Dysfunctional Voiding and Lower Urinary Tract Symptoms With Baclofen

This study has been terminated.
(recruitment was going too slowly)
Sponsor:
Information provided by (Responsible Party):
Gopal Badlani, MD, Wake Forest School of Medicine
ClinicalTrials.gov Identifier:
NCT01003249
First received: October 21, 2009
Last updated: December 18, 2013
Last verified: December 2013
  Purpose

Dysfunctional voiding is often associated with constipation. The association of constipation with urologic pathologic processes has previously been described since the 1950's, but it was only over the past decade that clinicians have paid more attention to this relationship and recognized it existence with the term dysfunctional elimination syndrome (DES). This term is used to reflect the broad spectrum of functional disturbances that may affect the urinary tract including that of functional bowl disturbances and can be classified as follows:

  • Functional disorder of filling: overactive bladder, over distention of bladder or insensate bladder, which may be associated with fecal impaction or rectal distention with infrequent bowel movements
  • Functional disorder of emptying: over-recruitment of pelvic floor activity during voiding causing interrupted and/or incomplete emptying also associated with defecation difficulties due to non- relaxation of the puborectalis muscle, dyssynergic defecation or pain with defecation Several different therapeutic options have been used for patients with dysfunctional voiding mainly to decrease bladder outlet obstruction. These treatments including, alpha adrenergic antagonists, and botulinum toxin are less than optimum. One possible explanation for these drug failures includes the inability of these medications to relax the striated muscles of the pelvic floor necessary for voiding.

To date there has been no data to evaluate the role of baclofen on the striated muscle of the external anal sphincter, essential in the defecation process.


Condition Intervention Phase
Overactive Bladder
Constipation
Lower Urinary Tract Symptoms
Drug: Baclofen
Drug: Placebo Comparator: Placebo
Phase 4

Study Type: Interventional
Study Design: Allocation: Randomized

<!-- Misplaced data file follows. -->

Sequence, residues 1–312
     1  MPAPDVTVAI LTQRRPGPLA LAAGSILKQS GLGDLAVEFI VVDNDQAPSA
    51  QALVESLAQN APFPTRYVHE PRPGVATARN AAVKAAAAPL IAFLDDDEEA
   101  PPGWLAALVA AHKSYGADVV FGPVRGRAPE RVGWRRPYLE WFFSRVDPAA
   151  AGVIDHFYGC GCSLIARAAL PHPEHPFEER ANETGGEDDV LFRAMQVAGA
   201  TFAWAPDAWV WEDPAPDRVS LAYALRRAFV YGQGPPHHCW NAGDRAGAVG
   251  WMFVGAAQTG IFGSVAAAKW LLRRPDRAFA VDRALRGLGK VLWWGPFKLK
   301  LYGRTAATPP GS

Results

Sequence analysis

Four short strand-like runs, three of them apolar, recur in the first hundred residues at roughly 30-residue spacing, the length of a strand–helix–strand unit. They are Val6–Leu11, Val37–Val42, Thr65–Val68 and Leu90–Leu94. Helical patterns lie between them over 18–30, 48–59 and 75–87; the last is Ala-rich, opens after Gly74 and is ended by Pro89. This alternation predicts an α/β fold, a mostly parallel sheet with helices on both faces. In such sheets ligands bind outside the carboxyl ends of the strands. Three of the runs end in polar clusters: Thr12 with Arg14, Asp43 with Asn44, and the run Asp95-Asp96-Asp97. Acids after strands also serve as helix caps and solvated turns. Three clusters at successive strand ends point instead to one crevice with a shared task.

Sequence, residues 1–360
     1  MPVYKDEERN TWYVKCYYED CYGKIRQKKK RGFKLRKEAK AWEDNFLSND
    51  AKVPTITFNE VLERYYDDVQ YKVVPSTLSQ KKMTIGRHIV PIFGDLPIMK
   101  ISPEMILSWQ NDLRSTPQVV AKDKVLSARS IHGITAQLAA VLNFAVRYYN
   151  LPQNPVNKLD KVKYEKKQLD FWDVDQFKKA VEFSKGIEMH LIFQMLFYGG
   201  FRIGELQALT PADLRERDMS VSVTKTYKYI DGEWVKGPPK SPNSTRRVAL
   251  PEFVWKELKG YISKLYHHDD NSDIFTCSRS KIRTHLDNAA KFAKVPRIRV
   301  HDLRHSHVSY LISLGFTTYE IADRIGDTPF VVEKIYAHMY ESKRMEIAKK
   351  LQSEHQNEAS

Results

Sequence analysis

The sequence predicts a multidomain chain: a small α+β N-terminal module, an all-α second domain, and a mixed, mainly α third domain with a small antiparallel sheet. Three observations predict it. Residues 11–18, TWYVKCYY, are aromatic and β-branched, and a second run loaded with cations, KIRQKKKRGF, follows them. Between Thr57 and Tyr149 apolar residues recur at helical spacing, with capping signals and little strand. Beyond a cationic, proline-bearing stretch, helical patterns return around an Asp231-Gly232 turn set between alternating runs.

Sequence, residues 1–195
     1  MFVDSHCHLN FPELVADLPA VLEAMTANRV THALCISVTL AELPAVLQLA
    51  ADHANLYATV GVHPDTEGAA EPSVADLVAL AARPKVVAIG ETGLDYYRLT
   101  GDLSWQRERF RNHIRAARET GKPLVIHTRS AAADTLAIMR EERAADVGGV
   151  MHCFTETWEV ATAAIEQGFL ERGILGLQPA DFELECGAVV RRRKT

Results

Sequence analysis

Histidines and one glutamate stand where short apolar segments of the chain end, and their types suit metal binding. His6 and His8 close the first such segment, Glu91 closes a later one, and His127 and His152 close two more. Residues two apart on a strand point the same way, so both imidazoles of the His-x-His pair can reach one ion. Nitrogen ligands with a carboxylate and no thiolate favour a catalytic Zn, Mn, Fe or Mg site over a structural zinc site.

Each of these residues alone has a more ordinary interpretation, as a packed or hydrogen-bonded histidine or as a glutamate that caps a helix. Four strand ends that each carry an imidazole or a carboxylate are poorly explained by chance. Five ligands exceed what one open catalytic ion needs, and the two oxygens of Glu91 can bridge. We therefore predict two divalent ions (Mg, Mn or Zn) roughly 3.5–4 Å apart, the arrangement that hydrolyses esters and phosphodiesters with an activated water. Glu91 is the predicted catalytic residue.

Intervention Model: Crossover Assignment
Masking: Double Blind (Subject, Investigator)
Primary Purpose: Basic Science
Official Title: Treatment of Patients With Dysfunctional Voiding and Lower Urinary Tract Symptoms With Baclofen: a Randomized Double-blind Placebo-controlled Cross-over Trial

Resource links provided by NLM:


Further study details as provided by Wake Forest School of Medicine:

Primary Outcome Measures:
  • Efficacy of baclofen vs. placebo on dysfunctional voiding as measured with uroflometry and EMG; patients' symptoms score questionnaires and diaries. [ Time Frame: 4 weeks ] [ Designated as safety issue: Yes ]

Secondary Outcome Measures:
  • Efficacy of baclofen vs. placebo on the external anal sphincter muscle dysfunction via patient symptoms and questionnaire. [ Time Frame: 4 weeks ] [ Designated as safety issue: Yes ]
  • The safety of baclofen in patients with dysfunctional voiding (urinary and defecatory). [ Time Frame: 4 weeks ] [ Designated as safety issue: Yes ]

Enrollment: 12
Study Start Date: September 2009
Study Completion Date: March 2013
Primary Completion Date: March 2013 (Final data collection date for primary outcome measure)
Arms Assigned Interventions
Active Comparator: Baclofen
Subjects will then randomly be assigned in placebo or baclofen groups. Daily dose will be doubled every three days, up to 80 mg or when side effects appear. At the end of 4 week drug will be tapered (halved every 2 days and quitted after 2 days of using 20 mg baclofen).
Drug: Baclofen
Subjects will be randomly assigned to placebo or baclofen groups. Daily dose will be doubled every three days, up to 80 mg or when side effects appear. At the end of 4 week drug will be tapered (halved every 2 days and quitted after 2 days of using 20 mg baclofen).
Placebo Comparator: Placebo
Subjects will then randomly be assigned in placebo or baclofen groups. Daily dose will be doubled every three days, up to 80 mg or when side effects appear. At the end of 4 week drug will be tapered (halved every 2 days and quitted after 2 days of using 20 mg baclofen).